7. Ramakrishna, Kumar. (2016). Emergency. Singapore: Institute of Policy Studies, p. 11. (Call No: RSING 959.5705 KUM- [HIS]); Brimmell, J. H. (1956). A short history of the Malayan Communist Party. Singapore: D. Moore, pp. 10–11. (Call no.: RCLOS 329.9595 BRI-[RFL]); Chin, A. (1994). The Communist Party of Malaya: The inside story. Kuala Lumpur, Malaysia: Vinpress, pp. 18–23. (Call no.: RSING 959.51 CHI); O’Ballance, E. (1966). Malaya: The communist insurgent war, 1948–1960. London: Faber, pp. 20–23. (Call no.: RCLOS 959.5 OBA); The rise and fall of the Malayan communists. (1989, December 2). The Straits Times, p. 33. Retrieved from NewspaperSG.
8. Brimmell, J. H. (1956). A short history of the Malayan Communist Party. Singapore: D. Moore, pp. 12–13. (Call no.: RCLOS 329.9595 BRI-[RFL]); Chin, A. (1994). The Communist Party of Malaya: The inside story. Kuala Lumpur, Malaysia: Vinpress, pp. 23–25. (Call no.: RSING 959.51 CHI); O’Ballance, E. (1966). Malaya: The communist insurgen t war, 1948–1960. London: Faber, p. 25. (Call no.: RCLOS 959.5 OBA)
9. Brimmell, J. H. (1956). A short history of the Malayan Communist Party. Singapore: D. Moore, pp. 13–14. (Call no.: RCLOS 329.9595 BRI-[RFL]); Cheah, B. K. (2003). Red star over Malaya: Resistance and social conflict during and after the Japanese occupation of Malaya, 1941–1946. Singapore: Singapore University Press, pp. 58–61. (Call no.: RSING 959.5103 CHE)7.; O’Ballance, E. (1966). Malaya: The communist insurgent war, 1948–1960. London: Faber, pp. 40–43. (Call no.: RCLOS 959.5 OBA)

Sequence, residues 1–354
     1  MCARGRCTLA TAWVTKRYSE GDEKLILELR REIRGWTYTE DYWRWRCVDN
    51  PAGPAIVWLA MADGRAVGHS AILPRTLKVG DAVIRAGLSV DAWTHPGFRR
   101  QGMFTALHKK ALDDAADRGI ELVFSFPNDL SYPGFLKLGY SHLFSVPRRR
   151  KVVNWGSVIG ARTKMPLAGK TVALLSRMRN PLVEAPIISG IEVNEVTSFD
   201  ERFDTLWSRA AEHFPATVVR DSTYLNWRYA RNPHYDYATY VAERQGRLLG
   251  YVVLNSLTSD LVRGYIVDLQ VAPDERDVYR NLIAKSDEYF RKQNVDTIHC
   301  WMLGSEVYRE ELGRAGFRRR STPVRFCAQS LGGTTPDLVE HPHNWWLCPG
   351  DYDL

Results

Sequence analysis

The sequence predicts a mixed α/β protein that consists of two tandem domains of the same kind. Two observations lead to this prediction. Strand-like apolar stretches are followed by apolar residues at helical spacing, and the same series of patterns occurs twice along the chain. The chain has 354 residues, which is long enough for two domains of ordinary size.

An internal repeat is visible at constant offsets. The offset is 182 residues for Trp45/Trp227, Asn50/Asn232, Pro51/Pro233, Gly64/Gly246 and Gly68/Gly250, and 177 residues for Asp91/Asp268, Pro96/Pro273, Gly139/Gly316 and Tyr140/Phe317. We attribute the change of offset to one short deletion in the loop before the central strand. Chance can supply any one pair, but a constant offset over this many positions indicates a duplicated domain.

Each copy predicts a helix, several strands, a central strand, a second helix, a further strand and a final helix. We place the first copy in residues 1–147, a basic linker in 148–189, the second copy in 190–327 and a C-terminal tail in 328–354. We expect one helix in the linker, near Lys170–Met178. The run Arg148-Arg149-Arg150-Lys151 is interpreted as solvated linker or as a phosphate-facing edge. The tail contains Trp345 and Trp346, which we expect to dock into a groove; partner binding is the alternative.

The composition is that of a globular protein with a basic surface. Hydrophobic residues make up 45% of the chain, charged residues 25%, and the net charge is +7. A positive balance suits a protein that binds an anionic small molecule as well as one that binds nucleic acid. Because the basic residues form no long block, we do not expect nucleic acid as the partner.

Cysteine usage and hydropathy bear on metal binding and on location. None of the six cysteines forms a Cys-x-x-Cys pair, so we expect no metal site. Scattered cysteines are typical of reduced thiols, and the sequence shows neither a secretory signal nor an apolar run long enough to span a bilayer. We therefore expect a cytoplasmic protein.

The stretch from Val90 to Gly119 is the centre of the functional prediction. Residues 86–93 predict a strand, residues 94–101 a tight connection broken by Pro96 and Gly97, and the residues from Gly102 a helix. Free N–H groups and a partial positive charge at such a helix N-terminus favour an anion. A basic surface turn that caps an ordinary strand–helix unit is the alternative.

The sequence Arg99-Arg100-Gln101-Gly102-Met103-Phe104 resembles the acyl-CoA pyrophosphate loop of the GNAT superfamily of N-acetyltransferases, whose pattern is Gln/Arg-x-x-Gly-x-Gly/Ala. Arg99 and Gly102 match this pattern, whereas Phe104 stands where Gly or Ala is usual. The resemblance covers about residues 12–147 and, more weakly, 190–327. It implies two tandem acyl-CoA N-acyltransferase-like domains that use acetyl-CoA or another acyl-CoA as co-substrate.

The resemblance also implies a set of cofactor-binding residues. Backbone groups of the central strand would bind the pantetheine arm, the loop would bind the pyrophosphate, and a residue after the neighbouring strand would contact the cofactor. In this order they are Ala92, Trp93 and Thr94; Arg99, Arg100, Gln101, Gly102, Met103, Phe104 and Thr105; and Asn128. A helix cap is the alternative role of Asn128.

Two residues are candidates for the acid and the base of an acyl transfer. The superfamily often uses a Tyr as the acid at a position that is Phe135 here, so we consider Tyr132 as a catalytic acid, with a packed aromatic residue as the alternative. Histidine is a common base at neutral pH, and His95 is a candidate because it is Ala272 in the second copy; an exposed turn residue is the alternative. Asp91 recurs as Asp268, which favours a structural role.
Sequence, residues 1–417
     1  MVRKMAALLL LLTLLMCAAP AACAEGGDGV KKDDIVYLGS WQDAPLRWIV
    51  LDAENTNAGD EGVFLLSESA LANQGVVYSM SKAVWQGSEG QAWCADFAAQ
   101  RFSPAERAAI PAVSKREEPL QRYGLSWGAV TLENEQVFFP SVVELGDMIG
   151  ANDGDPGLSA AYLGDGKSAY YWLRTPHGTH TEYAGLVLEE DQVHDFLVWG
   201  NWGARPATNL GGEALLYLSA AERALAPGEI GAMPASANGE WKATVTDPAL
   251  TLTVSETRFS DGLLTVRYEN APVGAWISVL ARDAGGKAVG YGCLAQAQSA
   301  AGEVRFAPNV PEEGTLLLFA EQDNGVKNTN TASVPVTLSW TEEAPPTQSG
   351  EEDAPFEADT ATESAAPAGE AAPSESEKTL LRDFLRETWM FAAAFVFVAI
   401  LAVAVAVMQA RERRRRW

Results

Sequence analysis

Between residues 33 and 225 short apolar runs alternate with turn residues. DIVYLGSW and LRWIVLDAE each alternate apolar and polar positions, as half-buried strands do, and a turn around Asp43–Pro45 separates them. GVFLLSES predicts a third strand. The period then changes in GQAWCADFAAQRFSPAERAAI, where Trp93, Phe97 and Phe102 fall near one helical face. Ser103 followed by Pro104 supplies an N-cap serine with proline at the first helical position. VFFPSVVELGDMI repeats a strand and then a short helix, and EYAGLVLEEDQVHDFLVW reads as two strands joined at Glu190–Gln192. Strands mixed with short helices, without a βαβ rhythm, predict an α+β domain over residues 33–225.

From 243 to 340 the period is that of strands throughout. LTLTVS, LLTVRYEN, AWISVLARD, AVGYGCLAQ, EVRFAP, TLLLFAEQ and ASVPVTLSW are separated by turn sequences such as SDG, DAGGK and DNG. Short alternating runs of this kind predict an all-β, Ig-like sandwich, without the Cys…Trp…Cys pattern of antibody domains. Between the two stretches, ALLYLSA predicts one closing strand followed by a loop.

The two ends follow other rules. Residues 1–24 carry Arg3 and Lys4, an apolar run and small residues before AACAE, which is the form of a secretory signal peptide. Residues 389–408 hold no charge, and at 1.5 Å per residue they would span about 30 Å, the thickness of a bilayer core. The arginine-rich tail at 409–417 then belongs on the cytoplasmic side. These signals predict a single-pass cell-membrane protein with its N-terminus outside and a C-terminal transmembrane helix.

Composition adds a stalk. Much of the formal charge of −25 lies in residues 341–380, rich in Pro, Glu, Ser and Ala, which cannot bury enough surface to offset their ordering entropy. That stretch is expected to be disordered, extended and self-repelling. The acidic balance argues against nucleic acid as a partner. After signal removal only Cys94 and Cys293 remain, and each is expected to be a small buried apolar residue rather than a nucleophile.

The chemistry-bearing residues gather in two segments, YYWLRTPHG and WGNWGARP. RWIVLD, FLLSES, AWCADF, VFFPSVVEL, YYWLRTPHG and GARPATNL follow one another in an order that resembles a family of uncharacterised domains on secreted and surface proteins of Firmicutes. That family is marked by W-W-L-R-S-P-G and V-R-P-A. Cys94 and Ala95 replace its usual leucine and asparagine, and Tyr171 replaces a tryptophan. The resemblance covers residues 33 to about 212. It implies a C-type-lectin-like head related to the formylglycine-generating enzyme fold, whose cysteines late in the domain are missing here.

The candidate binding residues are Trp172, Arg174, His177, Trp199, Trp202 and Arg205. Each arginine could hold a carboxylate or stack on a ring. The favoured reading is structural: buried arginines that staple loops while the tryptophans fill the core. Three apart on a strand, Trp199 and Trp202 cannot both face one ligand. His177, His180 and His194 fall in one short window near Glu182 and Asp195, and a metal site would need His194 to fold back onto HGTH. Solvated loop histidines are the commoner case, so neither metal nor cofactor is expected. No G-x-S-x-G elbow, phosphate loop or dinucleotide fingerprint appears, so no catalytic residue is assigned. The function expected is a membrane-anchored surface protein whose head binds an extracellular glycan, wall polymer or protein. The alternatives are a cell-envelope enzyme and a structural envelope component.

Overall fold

10. The rise and fall of the Malayan communists. (1989, December 2). The Straits Times, p. 33. Retrieved from NewspaperSG.; Mohd Azzam Mohd Hanif Ghows & Barber, C. (2006).The Malayan emergency revisited 1948–1960: A pictorial history. Kuala Lumpur: AMR Holding Sdn Bhd & Yayasan Pelajaran Islam, p. 6. (Call no.: RSING 324.2595075 MOH)
11. The rise and fall of the Malayan communists. (1989, December 2). The Straits Times, p. 33. Retrieved from NewspaperSG.
12. Mohd Azzam Mohd Hanif Ghows & Barber, C. (2006). The Malayan emergency revisited 1948–1960: A pictorial history. Kuala Lumpur: AMR Holding Sdn Bhd & Yayasan Pelajaran Islam, pp. 9–13. (Call no.: RSING 324.2595075 MOH)
13. Tan, B. L., & Quah, I. (1996). The Japanese Occupation 1942–1945: A pictorial record of Singapore during the war. Singapore: Times Edition, p. 167. (Call No: RSING 940.5425 TAN)
14. Mohd Azzam Mohd Hanif Ghows & Barber, C. (2006). The Malayan emergency revisited 1948–1960: A pictorial history. Kuala Lumpur: AMR Holding Sdn Bhd & Yayasan Pelajaran Islam, pp. 18–21. (Call no.: RSING 324.2595075 MOH)
15. The rise and fall of the Malayan communists. (1989, December 2). The Straits Times, p. 33. Retrieved from NewspaperSG.; Cheah, B. K. (2003). Red star over Malaya: Resistance and social conflict during and after the Japanese Occupation of Malaya, 1941–1946. Singapore: Singapore University Press, pp. 241–243. (Call no.: RSING 959.5103 CHE)